She was still in a snit today. Normally whenever I try to take a nap (the operative word being "try"), Mittens will pad over and sit on my chest. She then kneads and purrs. Oddly enough, she usually leaves me alone when I lie down to sleep at night. Somehow, the prospect of my being horizontal in the middle of the day excites her. Something out of the ordinary, I guess. It pleases Little Mitt.

Finally, this afternoon, she got over her tiff. When I lied down on the floor to do my back exercise, she spotted me from afar (at least several feet away, came over and plopped herself down on my chest, slowly kneading on my belly (yeow!), purring. The corners of her mouth were turned up. She was smiling. Very pleased. As if she were greeting a friend from far away.

Thursday, April 24, 2008

World’s Greatest Cat

World’s Greatest Cat

Yes, of course, your cat is the greatest. Every cat guardian feels that way. But perhaps some cats are more equally great than others.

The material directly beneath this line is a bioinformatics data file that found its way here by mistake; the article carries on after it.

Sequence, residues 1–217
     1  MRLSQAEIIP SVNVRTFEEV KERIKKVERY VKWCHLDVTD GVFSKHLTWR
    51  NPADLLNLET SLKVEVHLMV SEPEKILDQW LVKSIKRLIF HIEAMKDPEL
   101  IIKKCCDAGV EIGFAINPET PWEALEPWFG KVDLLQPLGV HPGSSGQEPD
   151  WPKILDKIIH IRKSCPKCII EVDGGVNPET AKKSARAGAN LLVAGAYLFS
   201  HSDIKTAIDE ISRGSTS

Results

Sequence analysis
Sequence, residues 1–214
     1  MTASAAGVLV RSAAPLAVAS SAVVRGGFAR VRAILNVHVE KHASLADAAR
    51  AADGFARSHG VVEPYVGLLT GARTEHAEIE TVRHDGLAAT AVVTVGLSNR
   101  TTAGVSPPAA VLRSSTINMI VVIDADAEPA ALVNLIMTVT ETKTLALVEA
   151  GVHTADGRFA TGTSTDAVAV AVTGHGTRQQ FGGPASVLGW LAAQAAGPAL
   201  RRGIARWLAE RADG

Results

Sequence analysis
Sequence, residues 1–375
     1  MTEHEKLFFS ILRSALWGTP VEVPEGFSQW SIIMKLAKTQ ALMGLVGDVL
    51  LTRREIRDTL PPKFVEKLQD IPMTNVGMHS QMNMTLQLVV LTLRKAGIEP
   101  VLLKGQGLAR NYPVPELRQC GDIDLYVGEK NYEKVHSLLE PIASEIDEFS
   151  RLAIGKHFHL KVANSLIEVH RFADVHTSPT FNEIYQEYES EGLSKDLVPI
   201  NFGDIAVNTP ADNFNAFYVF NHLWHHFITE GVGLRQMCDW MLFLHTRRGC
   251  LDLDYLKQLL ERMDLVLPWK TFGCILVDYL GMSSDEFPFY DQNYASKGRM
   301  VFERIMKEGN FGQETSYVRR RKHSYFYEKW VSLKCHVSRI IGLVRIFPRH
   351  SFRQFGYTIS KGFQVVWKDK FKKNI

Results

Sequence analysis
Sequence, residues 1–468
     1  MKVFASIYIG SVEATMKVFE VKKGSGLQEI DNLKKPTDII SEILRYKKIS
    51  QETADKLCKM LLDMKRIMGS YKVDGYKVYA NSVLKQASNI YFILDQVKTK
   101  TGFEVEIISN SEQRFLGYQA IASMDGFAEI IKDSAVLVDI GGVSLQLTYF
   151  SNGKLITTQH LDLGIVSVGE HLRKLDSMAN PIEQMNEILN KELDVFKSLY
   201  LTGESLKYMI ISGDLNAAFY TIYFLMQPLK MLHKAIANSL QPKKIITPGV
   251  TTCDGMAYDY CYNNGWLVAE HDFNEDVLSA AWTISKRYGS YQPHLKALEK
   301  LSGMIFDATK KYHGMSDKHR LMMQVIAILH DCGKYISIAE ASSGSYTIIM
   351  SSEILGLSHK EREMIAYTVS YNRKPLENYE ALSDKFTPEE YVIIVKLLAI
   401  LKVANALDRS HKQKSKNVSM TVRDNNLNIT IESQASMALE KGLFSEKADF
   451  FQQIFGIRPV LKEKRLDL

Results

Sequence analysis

Certainly, some cats are rather unusual. Like Zibby Wilder’s Siamese cat, as featured in an article in the San Jose Mercury News. Knowing how cat crazy I am, friend showed the article to me.

Zibby’s Siamese cat Bo, loves cantaloupe. He’ll do almost anything to get some. Zibby says that the first night Bo came to live with her, she noticed that she hadn’t seen him for about an hour – an hour after she ate half a cantaloupe for dessert.

She called for him, and he responded immediately. But his cries were very faint. She followed the cries and thought that he had somehow crawled into the walls through an opening in an old heating unit.

After another hour and a half later and a frantic call to the landlord alerting him that she was going to take a sledgehammer to a wall in the basement apartment to rescue the cat—she opened the refrigerator door for a drink of water.

And she found the cat. Bo. He was shivering, his entire head stained orange. And sitting next to the remains of the other half of the cantaloupe that Zibby had put away into the refrigerator.

But that’s not all. Zibby has another pretty weird cat. Hopper the Gorilla Yeti. Hopper is about 5 years old and weighs 27 pounds.

Zibby, being a former shelter director, has seen a lot of different cats but Hopper is the largest that she has ever seen – and one of the most hilarious.